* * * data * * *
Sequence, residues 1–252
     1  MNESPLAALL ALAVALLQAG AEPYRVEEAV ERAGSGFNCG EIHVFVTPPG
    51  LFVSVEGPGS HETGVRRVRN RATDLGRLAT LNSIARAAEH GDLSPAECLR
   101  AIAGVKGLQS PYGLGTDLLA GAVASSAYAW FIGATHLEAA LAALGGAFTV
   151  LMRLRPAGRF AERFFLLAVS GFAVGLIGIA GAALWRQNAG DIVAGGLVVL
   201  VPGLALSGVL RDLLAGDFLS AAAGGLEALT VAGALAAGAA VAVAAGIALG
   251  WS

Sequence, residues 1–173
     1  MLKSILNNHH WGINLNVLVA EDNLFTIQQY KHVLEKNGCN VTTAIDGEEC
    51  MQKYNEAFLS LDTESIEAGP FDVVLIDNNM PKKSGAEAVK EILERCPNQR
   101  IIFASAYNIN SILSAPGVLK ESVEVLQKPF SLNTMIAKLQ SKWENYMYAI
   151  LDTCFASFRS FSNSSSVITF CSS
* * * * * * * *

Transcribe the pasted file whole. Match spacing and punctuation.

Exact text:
Sequence, residues 1–252
     1  MNESPLAALL ALAVALLQAG AEPYRVEEAV ERAGSGFNCG EIHVFVTPPG
    51  LFVSVEGPGS HETGVRRVRN RATDLGRLAT LNSIARAAEH GDLSPAECLR
   101  AIAGVKGLQS PYGLGTDLLA GAVASSAYAW FIGATHLEAA LAALGGAFTV
   151  LMRLRPAGRF AERFFLLAVS GFAVGLIGIA GAALWRQNAG DIVAGGLVVL
   201  VPGLALSGVL RDLLAGDFLS AAAGGLEALT VAGALAAGAA VAVAAGIALG
   251  WS

Sequence, residues 1–173
     1  MLKSILNNHH WGINLNVLVA EDNLFTIQQY KHVLEKNGCN VTTAIDGEEC
    51  MQKYNEAFLS LDTESIEAGP FDVVLIDNNM PKKSGAEAVK EILERCPNQR
   101  IIFASAYNIN SILSAPGVLK ESVEVLQKPF SLNTMIAKLQ SKWENYMYAI
   151  LDTCFASFRS FSNSSSVITF CSS